PBS (Public Broadcasting Service), in a 2004 program titled "Islam, Empire of Faith," contained the following:
"Given the large number of [Islamic]
adherents, it is no surprise that Muslims incorporate a broad and
diverse spectrum of positions in regard to liberalism and democracy.
Some are secularists who want to disengage religion from politics.
Others are reformers, who reinterpret Islamic traditions in support of
elective forms of government. Still there are others who reject
Is Islam Compatible with the Concept of the Separation of Religion and State?
Karen Armstrong, Instructor at Leo Baeck College for the Study of Judaism, in a Oct. 22, 2001 Salon.com interview titled "Fundamental Problems," stated the following:
"Even though ideologically [in Islam] there can be no separation
between church and state, both Sunnis and Shiites developed a
separation very early on. In the Sunni world, the separation was de
facto; Islamic law developed as kind of a counterculture to the
aristocratic courts. In the Shiite world, there was a separation of
church and state on principle. It was held that since every state was
corrupt, clerics should take no part in them, that the religious should
withdraw until the messiah came and established a proper Muslim state."
Alfred Stepan, PhD, Wallace Sayre Professor of Government at Columbia University, in a 2000 Journal of Democracy article titled "Religion, Democracy, and the 'Twin Tolerations,'" stated the following:
"Although Islamic fundamentalists are attempting to appropriate political Islam, there
are also other voices--in the Koran, in scholarly interpretations
of the Koran, and among some major contemporary Islamic
political leaders. For example, Sura (verse) 256 of the Koran
states that 'There shall be no compulsion in Religion.' This injunction
provides a strong Koranic base for religious tolerance...
moreover, political activists, journalists, and even professors
sometimes misleadingly equate Islam with Arab culture. They then
assert correctly that there are no democracies in the Islamic
countries of the Arab world, leaving the false impression there
are no Muslims living under democratic regimes. In fact, however,
a case can be made that about half of all the world's Muslims, 435
million people (or over 600 million, if we include Indonesia),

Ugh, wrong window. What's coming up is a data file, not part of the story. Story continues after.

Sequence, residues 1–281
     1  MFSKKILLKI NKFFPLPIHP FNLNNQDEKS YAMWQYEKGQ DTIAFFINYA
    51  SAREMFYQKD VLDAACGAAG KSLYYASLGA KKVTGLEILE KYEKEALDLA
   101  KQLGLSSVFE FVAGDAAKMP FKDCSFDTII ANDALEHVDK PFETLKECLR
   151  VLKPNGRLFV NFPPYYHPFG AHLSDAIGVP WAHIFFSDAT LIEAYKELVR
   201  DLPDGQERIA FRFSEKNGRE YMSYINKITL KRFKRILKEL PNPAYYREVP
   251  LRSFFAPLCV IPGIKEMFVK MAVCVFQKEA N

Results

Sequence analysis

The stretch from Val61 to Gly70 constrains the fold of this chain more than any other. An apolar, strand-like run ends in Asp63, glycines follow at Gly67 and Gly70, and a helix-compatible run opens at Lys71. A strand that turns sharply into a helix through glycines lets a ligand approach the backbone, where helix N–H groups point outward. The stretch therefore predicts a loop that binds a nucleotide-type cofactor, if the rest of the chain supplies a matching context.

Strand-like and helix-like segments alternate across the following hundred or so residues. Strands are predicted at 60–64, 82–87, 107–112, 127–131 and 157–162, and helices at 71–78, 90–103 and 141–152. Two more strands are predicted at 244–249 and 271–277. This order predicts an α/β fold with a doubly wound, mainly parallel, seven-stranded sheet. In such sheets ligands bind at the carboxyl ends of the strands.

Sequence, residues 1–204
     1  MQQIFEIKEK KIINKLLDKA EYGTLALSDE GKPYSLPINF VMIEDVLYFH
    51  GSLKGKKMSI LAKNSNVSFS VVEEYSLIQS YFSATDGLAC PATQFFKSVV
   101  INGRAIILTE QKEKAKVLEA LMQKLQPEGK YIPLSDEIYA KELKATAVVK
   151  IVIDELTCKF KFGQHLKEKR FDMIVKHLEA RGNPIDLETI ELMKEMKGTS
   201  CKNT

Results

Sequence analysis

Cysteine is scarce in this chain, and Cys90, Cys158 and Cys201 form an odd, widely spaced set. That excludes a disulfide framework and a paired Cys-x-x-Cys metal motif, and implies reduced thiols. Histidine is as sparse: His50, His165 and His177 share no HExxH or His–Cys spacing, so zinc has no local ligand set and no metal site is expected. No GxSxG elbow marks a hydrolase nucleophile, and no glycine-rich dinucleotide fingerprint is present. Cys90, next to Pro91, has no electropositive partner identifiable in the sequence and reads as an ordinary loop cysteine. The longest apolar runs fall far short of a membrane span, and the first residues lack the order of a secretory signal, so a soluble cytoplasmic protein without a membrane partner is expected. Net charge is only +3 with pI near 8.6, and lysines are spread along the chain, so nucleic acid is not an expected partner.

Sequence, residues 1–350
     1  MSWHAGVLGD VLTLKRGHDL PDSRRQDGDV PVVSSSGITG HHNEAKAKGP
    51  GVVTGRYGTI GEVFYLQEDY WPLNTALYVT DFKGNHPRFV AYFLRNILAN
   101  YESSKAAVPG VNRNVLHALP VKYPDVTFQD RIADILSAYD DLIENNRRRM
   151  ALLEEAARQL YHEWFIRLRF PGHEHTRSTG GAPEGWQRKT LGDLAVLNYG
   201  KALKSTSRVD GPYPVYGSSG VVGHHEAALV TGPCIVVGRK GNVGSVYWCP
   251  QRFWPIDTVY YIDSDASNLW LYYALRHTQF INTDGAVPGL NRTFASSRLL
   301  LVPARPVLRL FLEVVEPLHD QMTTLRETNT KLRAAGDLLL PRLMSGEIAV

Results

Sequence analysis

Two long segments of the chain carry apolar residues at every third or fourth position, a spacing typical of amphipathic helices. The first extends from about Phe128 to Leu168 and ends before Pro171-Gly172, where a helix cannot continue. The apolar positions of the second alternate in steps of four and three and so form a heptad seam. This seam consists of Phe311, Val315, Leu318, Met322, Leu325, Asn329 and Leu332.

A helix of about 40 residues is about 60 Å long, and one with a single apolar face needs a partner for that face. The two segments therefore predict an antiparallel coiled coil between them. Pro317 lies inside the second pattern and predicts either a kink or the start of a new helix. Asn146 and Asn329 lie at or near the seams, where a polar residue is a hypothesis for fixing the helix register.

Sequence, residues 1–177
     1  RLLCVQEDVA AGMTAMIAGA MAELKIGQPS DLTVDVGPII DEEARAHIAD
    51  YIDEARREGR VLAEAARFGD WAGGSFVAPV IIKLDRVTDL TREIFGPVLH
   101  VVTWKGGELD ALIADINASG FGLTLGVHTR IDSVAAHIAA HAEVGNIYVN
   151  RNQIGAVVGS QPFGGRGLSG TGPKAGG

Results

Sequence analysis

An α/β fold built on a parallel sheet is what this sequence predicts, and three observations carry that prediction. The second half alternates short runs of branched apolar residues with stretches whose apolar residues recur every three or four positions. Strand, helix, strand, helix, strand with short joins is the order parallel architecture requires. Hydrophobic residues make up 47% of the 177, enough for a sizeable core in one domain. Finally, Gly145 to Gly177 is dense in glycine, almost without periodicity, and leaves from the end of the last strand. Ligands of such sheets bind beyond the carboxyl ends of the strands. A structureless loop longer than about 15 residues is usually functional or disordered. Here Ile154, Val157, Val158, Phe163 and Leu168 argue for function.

live in democracies, near-democracies, or intermittent
Nazih N. M. Ayubi, PhD, the late Professor of Political Science at University of California, Los Angeles, in a 1980 International Journal of Middle East Studies article titled "The political Revival of Islam: The Case of Egypt," stated the following:
"To start with,
it should be remembered that Islam is an all-encompassing belief
system that involves matters of man's relationship to God
('Ibadat) as well as his relationship to his fellow men
(Mu'amalat). It follows from this that there is no
dichotomy in Islam between religious and civil matters. It is
inaccurate, however, to say that in Islam there is no separation
between state and church, since Islam - at least Sunni (Orthodox)
Islam - has no 'church' in the sence of a formal
ecclesiastical hierarchy. Even in Shi'ite Islam, which has
more of a clerical elite, no claim has ever been made by the Ulama
(religious scholars) to assume government directly by
Jaafar Sheikh Idris, PhD, Chairman of the Founding Council at the American Open University, in a Mar. 3, 2004 essay titled "Separation Of Church And State," wrote:
"The basic belief in Islam is that the Qur'an is one hundred percent
the word of God, and the Sunna was also as a result of the guidance of
God to the Prophet peace be upon him. Islam cannot be separated from
the state because it guides Muslims through every detail of running the
state and their lives. Muslims have no choice but to reject secularism
for it excludes the laws of God."
Lamin Sanneh, PhD, Professor of History at Yale University, in a 1999 Australian Broadcasting Corporation interview with Toni Hassan, stated:
"By and large, Christians have accepted the principle of the separation
of Church and State, and Bishop Tutu for example, in South Africa, was
adamant that the new constitution which was being promulgated in South
Africa, did not favour one religion. Whereas his Muslim counterparts,
they would say they want a government, a State, that has the Sharia,
the Islamic code, as part of public law."
Jamil Hamami, a Hamas leader and lecturer at Al Quds University, in a May 29, 1999 seminar posted on the Palestinian Academic Society for the Study of International Affairs (PASSIA) website titled "Political Islam in the Arab World," wrote:
"Some people think that talking about political Islam implies that
there is a separation between religion and state. An in-depth look at
the way and spirit of Islam would show that this is not true. Islam is
state, religion and a way of life -- which includes all aspects of the
daily life of the Muslim -- combined."